Acadian Fricot and Rappie Pie with Fresh Haddock in Lobster Sauce
It wasn’t until The Canadian Food Experience Project started a little over a year ago now, that I first heard of Rappie Pie. My mouth was agape. I couldn’t wrap my head around what it was the way it was described to me. But, I was completely enamored. At that time, I had understood it as a dish from the Atlantic Provinces, which it is… but, more specifically, it is Traditional Acadian Canadian recipe. Isn’t that a mouthful?
After this amazing day, leaving Lunenburg, visiting Hirtle Beach, crossing the ferry, eating an unforgettable forever oatcake The LaHave Bakery, driving through the South Shore through Shelburne, arriving at Pubnico just in time for Lobster Fishing.… then Lobster eating…. we are finally sitting in The Red Cap Restaurant where we are also staying, at the end of this phenomenal day. And the cherry on top of this day: Rappie Pie!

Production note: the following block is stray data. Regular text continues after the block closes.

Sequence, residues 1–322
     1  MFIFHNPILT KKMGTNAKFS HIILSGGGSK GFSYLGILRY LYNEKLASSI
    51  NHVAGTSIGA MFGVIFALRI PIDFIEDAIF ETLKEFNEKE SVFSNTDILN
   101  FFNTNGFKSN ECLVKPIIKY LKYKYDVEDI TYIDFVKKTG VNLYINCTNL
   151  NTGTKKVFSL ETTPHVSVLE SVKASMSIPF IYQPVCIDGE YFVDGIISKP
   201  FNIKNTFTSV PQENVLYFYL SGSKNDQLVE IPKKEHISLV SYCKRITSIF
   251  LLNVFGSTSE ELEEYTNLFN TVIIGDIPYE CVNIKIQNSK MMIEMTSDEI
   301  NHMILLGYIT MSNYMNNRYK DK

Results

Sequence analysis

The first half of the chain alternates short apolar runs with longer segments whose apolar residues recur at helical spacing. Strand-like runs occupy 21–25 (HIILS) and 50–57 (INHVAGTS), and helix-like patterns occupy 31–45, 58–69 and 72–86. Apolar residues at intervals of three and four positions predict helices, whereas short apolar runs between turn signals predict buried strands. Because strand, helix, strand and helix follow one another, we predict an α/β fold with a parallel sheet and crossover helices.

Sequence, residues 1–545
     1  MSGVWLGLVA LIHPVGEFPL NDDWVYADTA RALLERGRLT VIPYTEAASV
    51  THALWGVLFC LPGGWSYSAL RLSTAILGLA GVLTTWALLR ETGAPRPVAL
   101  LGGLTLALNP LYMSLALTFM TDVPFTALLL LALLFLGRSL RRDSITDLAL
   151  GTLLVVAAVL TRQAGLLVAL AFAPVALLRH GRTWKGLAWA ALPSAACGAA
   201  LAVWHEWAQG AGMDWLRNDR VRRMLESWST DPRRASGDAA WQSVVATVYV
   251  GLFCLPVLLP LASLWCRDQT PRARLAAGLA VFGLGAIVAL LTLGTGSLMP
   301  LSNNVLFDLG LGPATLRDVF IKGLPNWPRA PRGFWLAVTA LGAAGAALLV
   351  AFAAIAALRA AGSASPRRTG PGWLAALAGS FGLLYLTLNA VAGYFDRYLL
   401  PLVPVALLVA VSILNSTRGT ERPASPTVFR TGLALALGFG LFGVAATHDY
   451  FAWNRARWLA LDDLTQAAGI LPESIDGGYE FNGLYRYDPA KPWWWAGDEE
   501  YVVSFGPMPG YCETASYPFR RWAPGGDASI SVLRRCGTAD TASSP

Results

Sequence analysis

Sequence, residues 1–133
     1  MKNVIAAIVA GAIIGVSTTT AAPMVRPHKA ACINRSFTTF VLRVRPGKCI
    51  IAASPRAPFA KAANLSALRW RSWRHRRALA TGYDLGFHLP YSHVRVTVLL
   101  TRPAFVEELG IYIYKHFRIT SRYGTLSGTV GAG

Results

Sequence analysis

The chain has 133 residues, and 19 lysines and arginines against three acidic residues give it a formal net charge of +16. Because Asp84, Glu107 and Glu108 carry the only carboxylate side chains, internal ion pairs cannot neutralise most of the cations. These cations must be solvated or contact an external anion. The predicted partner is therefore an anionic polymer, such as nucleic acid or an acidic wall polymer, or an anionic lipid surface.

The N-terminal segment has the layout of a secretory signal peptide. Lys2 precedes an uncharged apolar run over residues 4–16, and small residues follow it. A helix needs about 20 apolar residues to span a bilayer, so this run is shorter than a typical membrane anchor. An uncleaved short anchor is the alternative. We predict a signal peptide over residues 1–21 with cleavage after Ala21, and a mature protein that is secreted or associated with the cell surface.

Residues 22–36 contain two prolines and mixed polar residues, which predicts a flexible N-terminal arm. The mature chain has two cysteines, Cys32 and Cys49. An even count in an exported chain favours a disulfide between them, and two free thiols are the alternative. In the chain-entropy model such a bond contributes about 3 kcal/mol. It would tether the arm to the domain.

This little village has few people living in it – counting the East and the West sides of Pubnico, yet most houses and businesses are strung along the main road and are not so close together like the little towns on the prairies. Vanja and I noticed that some of the villages have only one street and that it can go for a few kilometers with houses and a business here and there scattered along the one main road. Sometimes there maybe another one or two. This is a very casual restaurant, and I was blown away by how many people it could hold. I could not imagine there being enough people here to fill it, yet that must happen often enough for it to be this size.
Walking in, there is a chalkboard with the lengthy and very appealing menu dancing across it in colourful chalk. I found the little boxes above, charming. Now, Bernice had recommended the fresh Haddock with Lobster Sauce so that is what I was having. Period. Then I got the menu. Rappie Pie. I must!